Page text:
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Ontario Health Minister says '35 people may have passed away because their surgeries were not performed'

An estimate from a hospital network says that during the coronavirus pandemic, 35 people may have died due to cardiac surgeries that were not carried out.

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Sam Edwards High Level Alberta
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An estimate from a hospital network says that during the coronavirus pandemic, 35 people may have died due to cardiac surgeries that were not carried out, according to Ontario Health Minister Christine Elliot.

Thousands of surgeries were canceled or pushed to a further date in order to make sure enough room would be available in the case of an influx of coronavirus patients, reports City News.

Elliot said that any death directly or indirectly related to coronavirus is a tragedy. She added that thousands of lives have been saved by Ontario’s actions throughout the pandemic.

On Tuesday, a report was released by Ontario’s Financial Accountability Office saying that around 52,000 procedures have had to be cancelled or pushed back, which has been a help to hospitals but will prove to show more severe health implications the longer they are avoided.

There were 525 coronavirus cases reported in Ontario on Tuesday bringing an end to the province's streak of lowering daily cases. This may push back plans the province had to reopen the economy.

The chief medical officer is waiting for the number of reported cases to decrease over the course of a two-to-four week period before making any changes, according to the provincial government.

Ontario now has a total of 15,381 cases including 951 deaths. There are 8,964 resolved cases.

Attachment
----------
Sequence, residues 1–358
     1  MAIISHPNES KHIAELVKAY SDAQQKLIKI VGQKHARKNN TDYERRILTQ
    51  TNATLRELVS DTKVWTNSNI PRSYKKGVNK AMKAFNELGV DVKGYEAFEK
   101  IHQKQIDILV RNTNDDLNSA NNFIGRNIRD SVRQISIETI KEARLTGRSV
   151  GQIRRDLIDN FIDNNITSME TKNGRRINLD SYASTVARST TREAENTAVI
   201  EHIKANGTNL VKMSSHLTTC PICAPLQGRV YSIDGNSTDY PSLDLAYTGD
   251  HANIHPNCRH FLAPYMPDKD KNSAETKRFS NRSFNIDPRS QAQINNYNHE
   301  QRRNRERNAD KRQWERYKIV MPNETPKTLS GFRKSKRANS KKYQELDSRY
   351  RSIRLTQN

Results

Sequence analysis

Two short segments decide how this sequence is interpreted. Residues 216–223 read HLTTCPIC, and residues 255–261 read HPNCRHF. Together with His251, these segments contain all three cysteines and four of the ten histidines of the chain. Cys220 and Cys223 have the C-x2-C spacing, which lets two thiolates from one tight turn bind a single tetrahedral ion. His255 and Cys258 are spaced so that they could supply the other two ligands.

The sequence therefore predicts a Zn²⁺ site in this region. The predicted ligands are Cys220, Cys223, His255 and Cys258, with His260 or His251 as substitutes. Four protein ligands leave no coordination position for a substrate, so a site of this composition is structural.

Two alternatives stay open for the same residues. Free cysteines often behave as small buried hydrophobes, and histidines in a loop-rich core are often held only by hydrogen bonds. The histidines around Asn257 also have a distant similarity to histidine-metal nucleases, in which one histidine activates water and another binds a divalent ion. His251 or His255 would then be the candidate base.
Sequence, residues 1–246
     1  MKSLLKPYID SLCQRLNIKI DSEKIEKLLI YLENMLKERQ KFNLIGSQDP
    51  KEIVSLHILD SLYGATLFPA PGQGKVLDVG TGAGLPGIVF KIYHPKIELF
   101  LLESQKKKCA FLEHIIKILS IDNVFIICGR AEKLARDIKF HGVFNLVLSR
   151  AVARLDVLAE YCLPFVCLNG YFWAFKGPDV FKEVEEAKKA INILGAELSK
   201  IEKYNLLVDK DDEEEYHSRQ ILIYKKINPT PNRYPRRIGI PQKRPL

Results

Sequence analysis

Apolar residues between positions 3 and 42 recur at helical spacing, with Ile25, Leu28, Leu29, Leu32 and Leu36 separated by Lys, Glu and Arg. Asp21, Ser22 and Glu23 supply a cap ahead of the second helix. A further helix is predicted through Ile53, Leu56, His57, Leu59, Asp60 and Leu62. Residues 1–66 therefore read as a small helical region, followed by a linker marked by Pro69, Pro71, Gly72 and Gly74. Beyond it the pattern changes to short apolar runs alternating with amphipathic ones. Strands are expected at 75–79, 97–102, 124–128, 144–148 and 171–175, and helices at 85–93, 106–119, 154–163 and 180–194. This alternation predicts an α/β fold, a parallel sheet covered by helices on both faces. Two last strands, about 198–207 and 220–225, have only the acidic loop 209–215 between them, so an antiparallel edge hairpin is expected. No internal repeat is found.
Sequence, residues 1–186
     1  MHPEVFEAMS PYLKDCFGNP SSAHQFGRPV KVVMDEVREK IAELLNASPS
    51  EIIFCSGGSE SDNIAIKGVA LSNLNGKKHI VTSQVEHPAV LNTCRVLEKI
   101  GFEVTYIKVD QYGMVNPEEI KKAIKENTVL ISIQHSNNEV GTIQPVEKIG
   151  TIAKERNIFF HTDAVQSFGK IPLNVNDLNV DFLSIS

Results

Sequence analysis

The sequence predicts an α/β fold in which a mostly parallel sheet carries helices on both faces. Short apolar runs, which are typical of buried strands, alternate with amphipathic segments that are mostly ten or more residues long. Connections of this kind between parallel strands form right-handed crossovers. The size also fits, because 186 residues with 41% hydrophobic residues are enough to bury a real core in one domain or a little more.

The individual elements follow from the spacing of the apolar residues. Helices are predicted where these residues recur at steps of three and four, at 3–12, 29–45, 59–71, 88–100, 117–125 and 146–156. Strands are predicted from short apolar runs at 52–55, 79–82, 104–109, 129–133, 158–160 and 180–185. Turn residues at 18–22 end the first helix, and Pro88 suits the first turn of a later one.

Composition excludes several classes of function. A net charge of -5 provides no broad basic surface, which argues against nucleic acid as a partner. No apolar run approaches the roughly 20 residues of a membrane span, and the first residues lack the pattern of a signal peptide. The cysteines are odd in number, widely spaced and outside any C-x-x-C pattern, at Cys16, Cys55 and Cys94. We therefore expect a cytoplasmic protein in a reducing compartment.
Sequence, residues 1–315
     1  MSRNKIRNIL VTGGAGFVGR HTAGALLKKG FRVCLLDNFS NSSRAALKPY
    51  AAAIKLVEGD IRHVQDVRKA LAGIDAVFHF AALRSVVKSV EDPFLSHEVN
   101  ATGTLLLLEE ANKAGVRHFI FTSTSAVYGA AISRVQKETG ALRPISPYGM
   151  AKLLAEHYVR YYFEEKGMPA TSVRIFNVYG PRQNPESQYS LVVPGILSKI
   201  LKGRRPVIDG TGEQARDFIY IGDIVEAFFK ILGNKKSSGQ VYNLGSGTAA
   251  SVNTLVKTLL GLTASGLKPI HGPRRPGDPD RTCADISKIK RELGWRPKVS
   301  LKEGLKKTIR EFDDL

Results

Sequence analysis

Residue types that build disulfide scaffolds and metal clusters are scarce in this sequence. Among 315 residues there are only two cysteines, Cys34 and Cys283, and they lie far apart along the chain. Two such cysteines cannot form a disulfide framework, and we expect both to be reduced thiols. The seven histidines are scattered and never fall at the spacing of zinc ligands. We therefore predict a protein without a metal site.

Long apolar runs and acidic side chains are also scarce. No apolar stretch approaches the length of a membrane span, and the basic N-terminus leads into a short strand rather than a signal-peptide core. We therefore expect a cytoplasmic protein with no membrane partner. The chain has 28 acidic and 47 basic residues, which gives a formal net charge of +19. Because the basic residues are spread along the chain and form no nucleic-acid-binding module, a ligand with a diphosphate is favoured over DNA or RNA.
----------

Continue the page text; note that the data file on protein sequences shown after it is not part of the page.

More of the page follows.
There were 34 new deaths reported by the Ministry of Long-Term Care in their facilities. The number is out of a separate database from the provincial figures.

Health officials have noted a peak in community spread though the number of cases in long-term care facilities continues to increase. There are now 154 long-term facilities with outbreaks.

Of the facilities, 11 have been hit especially hard—each reporting at least 20 deaths.

The Canadian Armed Forces have begun support for five homes after a request from Ontario. The homes are Altamont Care Community in Toronto, Orchard Villa in Pickering, Eatonville Care Centre in Toronto, Holland Christian Homes' Grace Manor in Brampton and Hawthorne Place in Toronto.

There have been 48 resident deaths at Orchard Villa, 37 at Eatonville and 32 at Altamont as well as one personal support worker there.

Isabel and Arthur Meighen Manor in Toronto reported a major increase in deaths from Monday to Tuesday. The 52 bed home saw an increase from 22 to 32 deaths. Forest Heights in Kitchener also saw an increase from 24 to 31.

The NDP wants the direct management of long-term care facilities to be taken over by public health units because “seniors aren't well-protected.”

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